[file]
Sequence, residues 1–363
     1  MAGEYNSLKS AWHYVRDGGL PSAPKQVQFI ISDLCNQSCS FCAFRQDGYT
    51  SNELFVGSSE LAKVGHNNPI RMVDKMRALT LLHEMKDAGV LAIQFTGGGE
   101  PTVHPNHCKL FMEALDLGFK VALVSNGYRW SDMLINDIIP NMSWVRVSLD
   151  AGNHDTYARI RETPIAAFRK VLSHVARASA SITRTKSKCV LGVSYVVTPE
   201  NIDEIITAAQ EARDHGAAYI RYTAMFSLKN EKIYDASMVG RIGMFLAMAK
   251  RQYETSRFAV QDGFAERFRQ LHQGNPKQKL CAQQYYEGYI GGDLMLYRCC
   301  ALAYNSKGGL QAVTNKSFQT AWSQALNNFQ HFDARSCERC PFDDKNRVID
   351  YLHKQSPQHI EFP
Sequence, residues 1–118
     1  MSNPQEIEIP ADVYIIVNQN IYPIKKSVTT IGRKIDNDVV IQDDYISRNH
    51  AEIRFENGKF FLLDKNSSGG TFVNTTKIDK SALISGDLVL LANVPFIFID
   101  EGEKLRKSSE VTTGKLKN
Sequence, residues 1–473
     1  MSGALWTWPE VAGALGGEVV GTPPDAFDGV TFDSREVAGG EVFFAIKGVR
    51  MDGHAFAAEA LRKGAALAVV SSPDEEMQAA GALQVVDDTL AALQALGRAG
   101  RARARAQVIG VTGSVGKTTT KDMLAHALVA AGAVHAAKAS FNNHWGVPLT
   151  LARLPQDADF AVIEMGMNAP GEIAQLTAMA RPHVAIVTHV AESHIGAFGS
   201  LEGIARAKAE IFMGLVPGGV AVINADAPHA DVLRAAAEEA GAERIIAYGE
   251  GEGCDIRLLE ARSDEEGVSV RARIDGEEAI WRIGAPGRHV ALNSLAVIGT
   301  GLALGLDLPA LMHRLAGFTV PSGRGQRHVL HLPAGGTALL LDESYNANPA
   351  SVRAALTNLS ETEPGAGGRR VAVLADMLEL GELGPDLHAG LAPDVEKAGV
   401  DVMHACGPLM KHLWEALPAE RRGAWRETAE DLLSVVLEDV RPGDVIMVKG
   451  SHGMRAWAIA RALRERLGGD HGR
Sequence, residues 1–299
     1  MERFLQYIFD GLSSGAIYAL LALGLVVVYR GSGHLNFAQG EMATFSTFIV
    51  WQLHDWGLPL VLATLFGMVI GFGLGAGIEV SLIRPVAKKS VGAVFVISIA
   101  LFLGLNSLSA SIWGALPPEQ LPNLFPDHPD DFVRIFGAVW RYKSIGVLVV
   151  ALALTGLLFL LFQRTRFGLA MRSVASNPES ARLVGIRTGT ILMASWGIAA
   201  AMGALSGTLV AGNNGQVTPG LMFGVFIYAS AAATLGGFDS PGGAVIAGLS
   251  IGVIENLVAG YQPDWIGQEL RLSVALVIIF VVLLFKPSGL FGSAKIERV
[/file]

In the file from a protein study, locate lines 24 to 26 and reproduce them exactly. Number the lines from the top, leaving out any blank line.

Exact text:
   451  SHGMRAWAIA RALRERLGGD HGR
Sequence, residues 1–299
     1  MERFLQYIFD GLSSGAIYAL LALGLVVVYR GSGHLNFAQG EMATFSTFIV